Understanding Dietary Cholesterol

Cardiovascular disease (CVD) is the #1 killer in developed and developing countries. Early research suggested that dietary cholesterol raises total cholesterol, and higher levels of total cholesterol has a poor relationship with cardiovascular disease risk. This led to the recommendations to eat low amounts of cholesterol. More research has suggested otherwise, which is why the 2015 Dietary Guidelines of America committee stated that there is a lack of evidence suggesting the need to limit cholesterol intake.

 

Introduction

Cholesterol has many functions. It’s a precursor for steroid hormones, vitamin D, bile acids, and is an important structural component on cell membranes.

The amount of cholesterol in the body is a total between de novo synthesis, dietary intake, absorption efficiency, metabolism, enterohepatic recirculation and excretion.

Dietary cholesterol is only found in animal foods, specifically eggs, dairy, and meat. People in the U.S. get most of their dietary cholesterol from eggs, chicken, and beef. Other sources of cholesterol are cheese, sausage, bacon, fish, pork, and shrimp.

Some studies have found that dietary cholesterol increases the risk of cardiovascular disease, while others have found that it actually decreases risk, or that it has no effect on risk. (R)

 

Lipoproteins

Lipoproteins are a type of molecule that carry cholesterol in the blood. The two main types of lipoproteins are low-density lipoprotein (LDL) and high-density lipoprotein (HDL). LDL is generally considered the bad one, because having high levels of LDL cholesterol, inflammation, and oxidative stress can lead to heart disease. HDL is generally considered the good one, because it helps remove cholesterol from peripheral tissues and brings it back to the liver, where cholesterol can be recycled or removed from the body. Having higher levels of HDL may help reduce the risk of heart disease. (R)

Dyslipidemia, which is characterized by having high LDL-cholesterol, high triglycerides, and low HDL-cholesterol, is associated with increased risk of cardiovascular disease. (R)

A large meta-analysis from 1946-2013, included 40 studies, and found that higher intakes of dietary cholesterol were not associated with an increased risk of cardiovascular disease. However, they did find that having higher LDL cholesterol and triglycerides, as well as lower HDL cholesterol are risk factors for cardiovascular disease. (R)

 

How Atherosclerosis Develops (Inflammation and LDL oxidation)

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It is thought that atherosclerosis develops from high levels of LDL-cholesterol in the blood, and when LDL is lowered, it reverses or slows the development of atherosclerosis and cardiovascular disease. (R)

Atherosclerosis is characterized by hardening of the arteries, and a buildup of plaque. Plaque is made up of LDL cholesterol, macrophages, smooth muscle cells, platelets, and debris. As the plaque builds up in blood vessels, it narrows the lumen, which increases blood pressure. The increased blood pressure may cause the plaque to rupture, and can result in a blood clot, stroke, or heart attack.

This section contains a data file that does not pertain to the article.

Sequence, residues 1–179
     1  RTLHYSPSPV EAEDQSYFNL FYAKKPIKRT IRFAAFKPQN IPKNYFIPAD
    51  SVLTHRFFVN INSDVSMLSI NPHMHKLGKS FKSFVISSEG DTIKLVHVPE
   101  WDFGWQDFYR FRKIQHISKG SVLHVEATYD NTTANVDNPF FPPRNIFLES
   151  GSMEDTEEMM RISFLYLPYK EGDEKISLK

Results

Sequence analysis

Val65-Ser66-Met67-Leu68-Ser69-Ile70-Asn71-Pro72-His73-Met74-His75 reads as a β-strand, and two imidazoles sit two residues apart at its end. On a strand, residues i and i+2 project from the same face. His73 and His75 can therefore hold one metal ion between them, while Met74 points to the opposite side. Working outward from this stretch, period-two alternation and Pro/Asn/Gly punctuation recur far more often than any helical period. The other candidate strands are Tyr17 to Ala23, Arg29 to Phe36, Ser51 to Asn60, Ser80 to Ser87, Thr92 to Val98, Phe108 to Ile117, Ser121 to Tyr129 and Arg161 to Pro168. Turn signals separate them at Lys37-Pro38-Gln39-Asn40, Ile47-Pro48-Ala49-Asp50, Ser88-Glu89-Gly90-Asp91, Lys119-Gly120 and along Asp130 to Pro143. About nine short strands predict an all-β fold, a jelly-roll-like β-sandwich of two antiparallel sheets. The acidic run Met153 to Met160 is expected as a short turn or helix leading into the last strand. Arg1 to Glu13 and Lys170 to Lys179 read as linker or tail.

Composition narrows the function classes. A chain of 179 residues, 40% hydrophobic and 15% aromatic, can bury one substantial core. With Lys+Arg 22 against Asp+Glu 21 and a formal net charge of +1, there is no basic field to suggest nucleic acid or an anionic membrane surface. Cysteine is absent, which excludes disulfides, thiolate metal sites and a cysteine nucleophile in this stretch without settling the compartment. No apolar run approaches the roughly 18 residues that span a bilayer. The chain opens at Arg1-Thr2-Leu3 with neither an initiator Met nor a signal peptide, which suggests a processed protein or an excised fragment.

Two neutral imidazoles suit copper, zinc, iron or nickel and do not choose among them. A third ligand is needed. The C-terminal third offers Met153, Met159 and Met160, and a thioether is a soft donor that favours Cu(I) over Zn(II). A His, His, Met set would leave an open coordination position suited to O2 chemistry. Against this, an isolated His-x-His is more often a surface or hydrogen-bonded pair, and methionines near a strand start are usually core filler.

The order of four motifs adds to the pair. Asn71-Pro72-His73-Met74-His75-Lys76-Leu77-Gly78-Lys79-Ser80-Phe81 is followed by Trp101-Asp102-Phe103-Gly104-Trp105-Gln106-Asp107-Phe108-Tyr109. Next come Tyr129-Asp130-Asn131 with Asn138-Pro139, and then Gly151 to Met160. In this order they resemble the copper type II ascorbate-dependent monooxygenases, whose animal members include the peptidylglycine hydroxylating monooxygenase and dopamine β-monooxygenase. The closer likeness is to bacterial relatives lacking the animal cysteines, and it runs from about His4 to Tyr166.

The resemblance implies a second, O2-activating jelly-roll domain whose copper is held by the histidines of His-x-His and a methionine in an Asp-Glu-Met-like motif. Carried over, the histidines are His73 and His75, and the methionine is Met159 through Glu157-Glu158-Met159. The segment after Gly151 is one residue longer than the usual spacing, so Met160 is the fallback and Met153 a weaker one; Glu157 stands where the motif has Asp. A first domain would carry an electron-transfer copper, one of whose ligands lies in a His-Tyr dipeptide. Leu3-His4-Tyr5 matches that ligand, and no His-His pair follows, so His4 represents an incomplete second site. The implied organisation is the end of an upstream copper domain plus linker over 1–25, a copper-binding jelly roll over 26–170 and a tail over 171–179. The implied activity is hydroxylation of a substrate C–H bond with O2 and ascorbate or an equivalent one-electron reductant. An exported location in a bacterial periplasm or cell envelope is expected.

The development of plaque starts when the blood vessel is damaged, which allows LDL to move from the blood to the intima, where it can be oxidized to ox-LDL. Macrophages ingest ox-LDL, and become foam cells, and secrete chemokines to attract more macrophages. HDL also enters the intima and is oxidized, but is not ingested by macrophages. The oxidation of HDL helps to take up some of the free radicals that would otherwise oxidize LDL. (R)

HDL is important for reducing the oxidation of LDL, and HDL also has anti-apoptotic and anti-thrombotic effects. (R)

VLDL is converted to IDL, which is then converted to LDL. The remnant particles contribute to atherosclerosis because they are not eliminated by the liver, and can be taken up in the arterial walls. The macrophages then take them up and become foam cells, leading to atherosclerosis. (R)

Oxidative Stress

Many people consume large amounts of oxidized fatty acids, because the food they eat contains a lot of fat, cholesterol, and is often cooked at high temperatures. (R)

Free radicals, oxidative stress, and inflammation are important factors to consider when assessing cardiovascular disease risk. (R)

Dietary cholesterol increases LDL susceptibility to oxidation by 37%-39%. (R)

After eating a high fat and high cholesterol meal, endothelial function is impaired for about 4 hours. When antioxidant supplements (vitamin C and E) are given during this time, endothelial function increases, which means the decline in endothelial function is likely due to oxidative stress. (R)

Dietary cholesterol (generally) doesn’t affect plasma LDL cholesterol very much, unless you eat a lot of it. However, dietary cholesterol increases the oxidation of LDL and postprandial lipemia, which may increase the risk of cardiovascular disease. (R)

This is why it’s a good idea to always consume a lot of antioxidants with each meal, to help blunt the inflammation and oxidative stress.

 

People Respond Differently to Dietary Cholesterol

One of the issues with cholesterol is that people respond differently to the amount of the cholesterol they consume, and are so called hyperresponders or hyporesponders.

 

Cholesterol Regulation